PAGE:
Emerging market equities look cheap. Andrew Pease, global head of investment strategy at Russell Investments, tells John Authers why it might be unwise to buy until after the Federal Reserve has started to taper off its bond purchases.

Brazil has been the Latin American market top dog for ten years, but that is being challenged by Mexico. Bartosz Pawlowski, global head of emerging market strategy at BNP Paribas, explains to Jonathan Wheatley why he thinks Mexico’s climb could continue.

Frontier markets are up 15 per cent in 2013, compared with a 2 per cent rise in emerging markets. Rob Minto of beyondbrics looks at the factors driving the success of frontier markets, and at whether investors have missed the rally.

Emerging markets have suffered a big sell-off since May. Rob Drijkoningen, co-head of emerging market debt at Neuberger Berman, tells FTfm’s Steve Johnson that the sell-off has almost run its course and discusses which countries and assets are likely to perform best when buyers return.

By Sammy Suzuki of AllianceBernstein

For more than a decade, Brazil, Russia, India and China have dominated conversations about emerging market investments.

But as the BRICs-driven commodities boom wanes, it may be time for investors to rethink their approach to emerging market investing. Continue reading »

By Gerardo Rodriguez of BlackRock

It is no secret that emerging economies have evolved enormously over the last decade: stronger institutions, sounder macroeconomic policies and resilient banking sectors have enabled local financial systems to develop in an unprecedented manner. This has helped a majority of these countries to turn the page on past crises and become much more attractive places to invest.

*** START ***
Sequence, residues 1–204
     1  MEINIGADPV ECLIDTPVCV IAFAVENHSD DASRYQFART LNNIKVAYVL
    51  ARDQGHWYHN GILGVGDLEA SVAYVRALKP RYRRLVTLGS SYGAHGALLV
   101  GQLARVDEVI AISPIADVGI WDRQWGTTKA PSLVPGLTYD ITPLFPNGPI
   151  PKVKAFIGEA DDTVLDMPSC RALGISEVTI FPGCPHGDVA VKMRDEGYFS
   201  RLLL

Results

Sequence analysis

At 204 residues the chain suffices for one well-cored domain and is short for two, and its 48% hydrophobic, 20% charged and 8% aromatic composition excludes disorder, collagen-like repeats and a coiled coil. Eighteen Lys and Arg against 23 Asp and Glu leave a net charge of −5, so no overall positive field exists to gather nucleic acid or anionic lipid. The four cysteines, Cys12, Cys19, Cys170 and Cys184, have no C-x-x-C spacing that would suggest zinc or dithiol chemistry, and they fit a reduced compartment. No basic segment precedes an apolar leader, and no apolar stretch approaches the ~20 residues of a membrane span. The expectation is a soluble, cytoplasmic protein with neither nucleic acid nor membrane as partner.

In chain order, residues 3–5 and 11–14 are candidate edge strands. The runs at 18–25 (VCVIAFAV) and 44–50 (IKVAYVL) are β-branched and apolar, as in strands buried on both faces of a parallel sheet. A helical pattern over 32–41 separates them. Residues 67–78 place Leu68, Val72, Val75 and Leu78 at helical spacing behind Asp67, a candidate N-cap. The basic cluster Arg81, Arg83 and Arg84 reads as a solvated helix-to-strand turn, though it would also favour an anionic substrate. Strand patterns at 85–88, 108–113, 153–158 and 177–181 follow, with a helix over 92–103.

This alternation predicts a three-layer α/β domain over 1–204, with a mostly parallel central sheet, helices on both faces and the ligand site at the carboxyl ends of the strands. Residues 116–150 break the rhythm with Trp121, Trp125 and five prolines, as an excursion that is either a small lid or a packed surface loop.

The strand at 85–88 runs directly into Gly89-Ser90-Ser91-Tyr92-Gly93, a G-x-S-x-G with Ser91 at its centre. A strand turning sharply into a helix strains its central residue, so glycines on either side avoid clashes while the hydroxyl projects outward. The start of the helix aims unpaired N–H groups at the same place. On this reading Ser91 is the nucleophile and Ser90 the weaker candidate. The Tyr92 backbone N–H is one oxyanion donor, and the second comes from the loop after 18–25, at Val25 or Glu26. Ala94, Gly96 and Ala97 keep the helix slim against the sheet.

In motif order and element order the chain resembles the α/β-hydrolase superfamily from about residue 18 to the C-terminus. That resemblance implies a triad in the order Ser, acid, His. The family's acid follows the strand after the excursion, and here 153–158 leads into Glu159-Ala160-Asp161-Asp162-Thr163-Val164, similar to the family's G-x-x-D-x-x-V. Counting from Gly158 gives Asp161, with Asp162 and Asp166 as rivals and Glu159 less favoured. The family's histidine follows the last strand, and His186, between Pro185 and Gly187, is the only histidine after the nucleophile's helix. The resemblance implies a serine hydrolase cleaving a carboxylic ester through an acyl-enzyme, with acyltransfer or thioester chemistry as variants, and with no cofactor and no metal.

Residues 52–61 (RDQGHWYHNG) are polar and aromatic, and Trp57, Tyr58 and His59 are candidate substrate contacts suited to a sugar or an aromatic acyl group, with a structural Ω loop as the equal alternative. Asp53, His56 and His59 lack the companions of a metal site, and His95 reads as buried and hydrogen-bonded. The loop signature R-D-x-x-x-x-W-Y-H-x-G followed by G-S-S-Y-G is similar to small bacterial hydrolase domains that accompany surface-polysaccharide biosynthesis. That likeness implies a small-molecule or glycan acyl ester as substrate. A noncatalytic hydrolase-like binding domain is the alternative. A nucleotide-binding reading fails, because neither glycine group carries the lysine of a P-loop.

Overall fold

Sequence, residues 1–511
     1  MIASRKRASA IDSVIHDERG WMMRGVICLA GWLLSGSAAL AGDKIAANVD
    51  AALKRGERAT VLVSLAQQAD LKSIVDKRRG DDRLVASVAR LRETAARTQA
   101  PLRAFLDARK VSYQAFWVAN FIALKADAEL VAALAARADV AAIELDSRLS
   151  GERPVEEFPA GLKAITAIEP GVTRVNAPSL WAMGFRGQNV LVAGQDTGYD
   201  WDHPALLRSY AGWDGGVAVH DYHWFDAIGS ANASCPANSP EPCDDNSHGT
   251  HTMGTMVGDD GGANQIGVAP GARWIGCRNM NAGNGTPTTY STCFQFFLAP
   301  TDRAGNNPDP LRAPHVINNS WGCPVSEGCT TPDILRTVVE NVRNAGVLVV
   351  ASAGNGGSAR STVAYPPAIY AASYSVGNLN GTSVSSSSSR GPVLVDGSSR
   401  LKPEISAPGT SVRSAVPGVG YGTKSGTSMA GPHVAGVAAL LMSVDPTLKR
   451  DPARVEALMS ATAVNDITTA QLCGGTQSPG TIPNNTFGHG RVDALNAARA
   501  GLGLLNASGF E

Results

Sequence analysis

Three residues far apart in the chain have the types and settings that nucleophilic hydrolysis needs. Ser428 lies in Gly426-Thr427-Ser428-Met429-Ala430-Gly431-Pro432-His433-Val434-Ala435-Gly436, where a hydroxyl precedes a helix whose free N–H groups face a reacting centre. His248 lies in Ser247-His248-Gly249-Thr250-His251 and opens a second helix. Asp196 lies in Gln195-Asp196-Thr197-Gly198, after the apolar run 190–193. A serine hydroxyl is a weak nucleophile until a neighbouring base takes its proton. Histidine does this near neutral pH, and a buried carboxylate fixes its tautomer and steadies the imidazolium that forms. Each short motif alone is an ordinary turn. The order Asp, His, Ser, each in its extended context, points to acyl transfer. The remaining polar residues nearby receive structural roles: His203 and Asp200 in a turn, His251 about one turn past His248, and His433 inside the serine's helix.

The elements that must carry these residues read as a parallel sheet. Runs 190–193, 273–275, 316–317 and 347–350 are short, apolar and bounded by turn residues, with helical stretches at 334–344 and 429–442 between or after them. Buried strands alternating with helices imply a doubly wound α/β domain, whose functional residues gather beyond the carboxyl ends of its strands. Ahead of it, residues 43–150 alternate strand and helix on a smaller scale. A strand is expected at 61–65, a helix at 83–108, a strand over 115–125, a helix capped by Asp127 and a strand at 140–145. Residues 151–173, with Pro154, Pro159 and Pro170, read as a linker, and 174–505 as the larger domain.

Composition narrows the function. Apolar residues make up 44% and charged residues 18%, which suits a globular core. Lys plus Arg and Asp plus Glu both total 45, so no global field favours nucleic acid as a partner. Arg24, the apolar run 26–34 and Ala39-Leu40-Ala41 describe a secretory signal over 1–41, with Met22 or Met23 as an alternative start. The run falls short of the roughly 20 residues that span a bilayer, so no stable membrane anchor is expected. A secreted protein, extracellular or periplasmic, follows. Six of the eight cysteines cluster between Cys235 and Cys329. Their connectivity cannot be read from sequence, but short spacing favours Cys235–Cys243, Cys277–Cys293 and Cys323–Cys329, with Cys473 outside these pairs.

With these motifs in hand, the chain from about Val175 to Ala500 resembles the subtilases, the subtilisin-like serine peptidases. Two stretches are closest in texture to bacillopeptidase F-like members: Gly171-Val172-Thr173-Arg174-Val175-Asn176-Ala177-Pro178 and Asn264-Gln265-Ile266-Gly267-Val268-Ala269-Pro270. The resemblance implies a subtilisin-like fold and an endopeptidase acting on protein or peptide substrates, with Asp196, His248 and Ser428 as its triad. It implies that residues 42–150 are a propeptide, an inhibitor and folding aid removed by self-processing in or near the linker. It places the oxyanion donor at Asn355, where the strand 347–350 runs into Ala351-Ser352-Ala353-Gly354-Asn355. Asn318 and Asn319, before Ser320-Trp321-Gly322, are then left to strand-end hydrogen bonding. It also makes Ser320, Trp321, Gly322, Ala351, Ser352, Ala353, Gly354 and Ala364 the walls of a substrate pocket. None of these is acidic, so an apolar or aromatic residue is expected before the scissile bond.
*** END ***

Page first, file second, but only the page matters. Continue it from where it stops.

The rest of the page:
But the picture is now changing. As monetary policy in the US approaches an inflection point and the dollar strengthens, this new world order is being put to the test. Indeed, the market correction that began this spring is a good reminder of the complexity and variety of these many markets. Continue reading »

There is a neat coincidence about Anthony Bolton announcing his planned retirement from its Fidelity’s China Special Situations investment trust – and putting out the news in the middle of the current emerging market turmoil.

But that’s probably all it is – a coincidence. Bolton won’t actually be going until April 1 next year which suggests that, far from being a rushed response to recent events, Monday’s move has been in the works for a while. Continue reading »

 A trader shouts for attention in the crude oil futures pit, 20 August, 2004, on the floor of the New York Mercantile Exchange.

A little less active than this

When it comes to passive or active investing – ie selective stock picks vs index tracking – there’s a big difference between companies based in emerging markets, and their counterparts in developed markets.

You might think that investors in emerging market companies would be in the “pick-and-choose” camp – index tracking is more common in developed markets, surely, and the companies are better known? Actually, it’s the other way round. Continue reading »